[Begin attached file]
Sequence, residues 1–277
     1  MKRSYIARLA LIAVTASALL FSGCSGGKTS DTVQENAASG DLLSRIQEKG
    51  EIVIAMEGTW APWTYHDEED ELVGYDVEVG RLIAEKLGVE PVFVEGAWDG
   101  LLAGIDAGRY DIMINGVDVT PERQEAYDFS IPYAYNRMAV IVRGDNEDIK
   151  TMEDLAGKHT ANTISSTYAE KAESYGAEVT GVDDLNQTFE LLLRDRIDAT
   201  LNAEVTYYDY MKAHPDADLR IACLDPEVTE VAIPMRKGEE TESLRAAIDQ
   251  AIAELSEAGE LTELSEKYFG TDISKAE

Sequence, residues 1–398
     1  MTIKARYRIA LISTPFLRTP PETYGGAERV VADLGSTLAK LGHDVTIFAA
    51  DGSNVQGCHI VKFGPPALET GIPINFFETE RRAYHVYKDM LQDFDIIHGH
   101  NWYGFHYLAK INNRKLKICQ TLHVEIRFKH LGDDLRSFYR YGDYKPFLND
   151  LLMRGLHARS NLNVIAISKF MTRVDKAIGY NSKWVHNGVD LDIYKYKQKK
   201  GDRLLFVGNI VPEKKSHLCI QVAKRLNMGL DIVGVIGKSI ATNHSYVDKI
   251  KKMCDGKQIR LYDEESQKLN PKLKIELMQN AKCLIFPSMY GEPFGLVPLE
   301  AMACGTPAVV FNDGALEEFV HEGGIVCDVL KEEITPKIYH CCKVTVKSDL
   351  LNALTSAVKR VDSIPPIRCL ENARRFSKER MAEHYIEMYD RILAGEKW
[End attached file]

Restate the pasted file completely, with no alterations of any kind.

Sequence, residues 1–277
     1  MKRSYIARLA LIAVTASALL FSGCSGGKTS DTVQENAASG DLLSRIQEKG
    51  EIVIAMEGTW APWTYHDEED ELVGYDVEVG RLIAEKLGVE PVFVEGAWDG
   101  LLAGIDAGRY DIMINGVDVT PERQEAYDFS IPYAYNRMAV IVRGDNEDIK
   151  TMEDLAGKHT ANTISSTYAE KAESYGAEVT GVDDLNQTFE LLLRDRIDAT
   201  LNAEVTYYDY MKAHPDADLR IACLDPEVTE VAIPMRKGEE TESLRAAIDQ
   251  AIAELSEAGE LTELSEKYFG TDISKAE

Sequence, residues 1–398
     1  MTIKARYRIA LISTPFLRTP PETYGGAERV VADLGSTLAK LGHDVTIFAA
    51  DGSNVQGCHI VKFGPPALET GIPINFFETE RRAYHVYKDM LQDFDIIHGH
   101  NWYGFHYLAK INNRKLKICQ TLHVEIRFKH LGDDLRSFYR YGDYKPFLND
   151  LLMRGLHARS NLNVIAISKF MTRVDKAIGY NSKWVHNGVD LDIYKYKQKK
   201  GDRLLFVGNI VPEKKSHLCI QVAKRLNMGL DIVGVIGKSI ATNHSYVDKI
   251  KKMCDGKQIR LYDEESQKLN PKLKIELMQN AKCLIFPSMY GEPFGLVPLE
   301  AMACGTPAVV FNDGALEEFV HEGGIVCDVL KEEITPKIYH CCKVTVKSDL
   351  LNALTSAVKR VDSIPPIRCL ENARRFSKER MAEHYIEMYD RILAGEKW